Queer Places:
University of Cambridge, 4 Mill Ln, Cambridge CB2 1RZ
Museo Stibbert, Via Federico Stibbert, 26, 50134 Firenze FI, Italia
Cimitero Evangelico agli Allori, Via Senese, 184, 50124 Firenze FI, Italia

Image result for Frederick StibbertFrederick Stibbert (9 November 1838 – 10 April 1906) was an English art collector and businessman, although he was born in Italy. His figure is mainly linked to the work to which he dedicated his entire life, the Stibbert Museum, gathering a collection of the most disparate genres of art and applied arts, with particular regard to the collection of ancient weapons and armors, among the most conspicuous and important in the world of its kind. His name is also spelled Federigo or Federico Stibbert.

Stibbert was born in Florence, but was a British citizen. He was the son of Thomas Stibbert (1771-1847), an English military colonel of the Coldstream Guards, and Giulia Cafaggi (1805-1883), a young Tuscan woman. The Stibbert family was very wealthy, originally from Norfolk: Stibbert's grandfather, Giles Stibbert (1734-1809), was general commander in the East India Company and governor of Bengal.[1]

Stibbert received a solid traditional education at Harrow College, Cambridge. In 1849, after the death of his father, he moved with his mother and his two sisters, Sophronia and Erminia, in the villa of Montughi (the current Stibbert Museum), which his mother bought in 1849. As the last male of the family he inherited all the assets of both his father and his uncles.[1]

On 5 December 1861 he was admitted to the Freemasonry in the Florentine Lodge "Concordia", of which he was a full member until 1891, the year in which he became honorary, while continuing to pay his contributions to the Lodge until his death. In 1866 he was a volunteer in the Garibaldi army at Condino, where he gained a Silver Medal.[2][1]

Stibbert's life was always divided between Florence, where he was born, a city to which he was linked because of his affections and passions, and England, where he studied, a country to which he was bound by his work. Stibbert invested a significant part of his time and money in collecting and designing what is still the Stibbert Museum. In this work of constant collection he initially acted in a rather casual way and was dominated by his own taste (period 1860-1880), but as the museum project took shape he began to make more and more careful purchases and to reorganize the material already in his possession (period 1880-1906). The basic principle that gradually came to mature was to create something educational, especially for young people, aimed at stimulating an interest in the history of costume.[3]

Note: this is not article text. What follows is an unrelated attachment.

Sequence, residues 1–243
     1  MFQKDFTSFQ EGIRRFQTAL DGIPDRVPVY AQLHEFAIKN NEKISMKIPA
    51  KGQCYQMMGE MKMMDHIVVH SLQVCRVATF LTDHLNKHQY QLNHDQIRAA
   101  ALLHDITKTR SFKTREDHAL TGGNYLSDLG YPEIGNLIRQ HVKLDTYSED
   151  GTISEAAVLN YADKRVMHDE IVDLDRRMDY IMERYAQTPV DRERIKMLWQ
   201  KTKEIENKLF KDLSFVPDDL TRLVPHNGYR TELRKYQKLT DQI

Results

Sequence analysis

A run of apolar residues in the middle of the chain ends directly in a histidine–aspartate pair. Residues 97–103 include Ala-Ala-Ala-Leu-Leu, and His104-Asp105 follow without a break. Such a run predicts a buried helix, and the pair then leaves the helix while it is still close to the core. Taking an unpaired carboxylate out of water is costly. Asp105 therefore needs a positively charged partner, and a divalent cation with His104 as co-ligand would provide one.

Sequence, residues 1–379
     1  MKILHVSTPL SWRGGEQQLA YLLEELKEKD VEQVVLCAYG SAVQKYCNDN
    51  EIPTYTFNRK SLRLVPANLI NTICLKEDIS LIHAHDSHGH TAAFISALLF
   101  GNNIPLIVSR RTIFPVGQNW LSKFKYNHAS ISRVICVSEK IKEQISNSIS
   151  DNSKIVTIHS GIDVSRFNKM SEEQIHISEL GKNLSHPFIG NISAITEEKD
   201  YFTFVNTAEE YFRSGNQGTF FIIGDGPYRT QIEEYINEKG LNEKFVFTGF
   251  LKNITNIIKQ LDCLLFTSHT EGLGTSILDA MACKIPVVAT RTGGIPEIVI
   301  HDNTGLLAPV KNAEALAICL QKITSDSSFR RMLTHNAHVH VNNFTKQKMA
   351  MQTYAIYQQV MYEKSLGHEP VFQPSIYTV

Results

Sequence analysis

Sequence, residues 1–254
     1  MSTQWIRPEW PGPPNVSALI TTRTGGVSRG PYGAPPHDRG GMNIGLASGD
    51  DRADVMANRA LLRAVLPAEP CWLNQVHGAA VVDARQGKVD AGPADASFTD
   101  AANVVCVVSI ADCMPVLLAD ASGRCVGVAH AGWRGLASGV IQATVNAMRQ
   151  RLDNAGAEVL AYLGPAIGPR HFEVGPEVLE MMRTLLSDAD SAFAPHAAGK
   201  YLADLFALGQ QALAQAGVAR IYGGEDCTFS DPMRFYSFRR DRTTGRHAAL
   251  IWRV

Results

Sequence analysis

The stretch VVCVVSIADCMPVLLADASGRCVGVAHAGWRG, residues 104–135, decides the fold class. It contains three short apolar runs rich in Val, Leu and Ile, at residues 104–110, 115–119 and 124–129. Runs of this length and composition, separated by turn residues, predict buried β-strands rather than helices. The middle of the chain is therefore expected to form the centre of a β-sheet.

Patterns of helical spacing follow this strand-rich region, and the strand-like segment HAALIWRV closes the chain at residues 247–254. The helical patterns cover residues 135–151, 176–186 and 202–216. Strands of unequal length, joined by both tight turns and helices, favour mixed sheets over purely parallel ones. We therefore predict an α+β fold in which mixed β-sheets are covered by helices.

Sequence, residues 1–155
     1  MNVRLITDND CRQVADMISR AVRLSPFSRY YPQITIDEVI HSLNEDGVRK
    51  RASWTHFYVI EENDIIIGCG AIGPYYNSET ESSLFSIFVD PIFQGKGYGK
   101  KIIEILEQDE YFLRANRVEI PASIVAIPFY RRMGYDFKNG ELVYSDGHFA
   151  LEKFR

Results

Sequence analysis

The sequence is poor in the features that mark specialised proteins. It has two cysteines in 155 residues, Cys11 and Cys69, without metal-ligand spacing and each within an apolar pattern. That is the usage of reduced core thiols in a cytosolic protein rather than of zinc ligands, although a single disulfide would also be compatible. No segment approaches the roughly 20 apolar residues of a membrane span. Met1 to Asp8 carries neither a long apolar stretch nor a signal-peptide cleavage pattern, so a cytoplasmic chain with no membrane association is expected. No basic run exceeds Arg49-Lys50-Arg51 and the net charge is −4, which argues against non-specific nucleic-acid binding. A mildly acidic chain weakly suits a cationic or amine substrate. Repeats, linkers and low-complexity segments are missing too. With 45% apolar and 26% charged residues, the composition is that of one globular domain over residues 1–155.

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The armory initially represented the dominant sector of its interests, with a preference for Japanese weapons during the last part of its life. In particular for each type of weapon Stibbert thought of some real scenographic contexts: he studied appropriate mannequins on which to mount arms and armor and set up and decorated the rooms in order to make them suitable to what was contained. More generally, he restructured his residence and reorganized it from the perspective of the museum (today there are 64 rooms on two floors, for a total of 5,000 m2). The result was a hybrid in which the rooms of daily life merged with those of the collections, this means that there was not a part of the villa used as a dwelling and another used as an exhibition place, but that the house was the museum and the museum was the house. Over time he extended his passion for collecting to paintings, goldsmith's work, porcelains, costumes, fabrics, furnishing objects and books.[3]

Stibbert bought all these things during his travels, but he still used a dense network of links and informers that kept him constantly updated on the world antiques market. From this point of view he set about research with a rare international vision for that era. Sometimes Stibbert was accused of being a "forger" because his group of craftsmen (a chief gunsmith and five workers) completed armor and operated restorations in an arbitrary manner. From this point of view, however, he was perfectly in line with the thought of his time. Stibbert spent a lot of money for his collection, and therefore for his museum, but always wisely and not neglecting his own affairs, so much so that he was able to preserve his heritage almost intact.[3]

HHe did not married and had no direct heirs. He devoted his whole life to what he called "my museum" in his will. In this will he expressed the desire that his collections (over 50,000 pieces) and the villa Montughi were established in a museum open to the public, but with the clause that the original location was respected. The British government was appointed as the first legatee, with the possibility, however, of withdrawing to the advantage of the city of Florence, which in fact took possession of it in 1908, establishing the Stibbert Opera Museum Foundation. The original designation of the British government as first legatee was due to the visit of Stibbert friend, Guy Francis Laking, keeper of the Armouries at Windsor Castle, who reminded Stibbert that he was an English citizen. Even if initially Lord Arthur Balfour said he wanted to accept the will, he later renounced to the favor of the city of Florence. Helping the city of Florence in obtaining the museum was also Stibbert friend, Henry Labouchère, who was living at Villa Montughi as well.[1]

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Stibbert died on 10 April 1906 and is buried at the Cimitero degli Allori in Florence.[1]

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  1. https://en.wikipedia.org/wiki/Frederick_Stibbert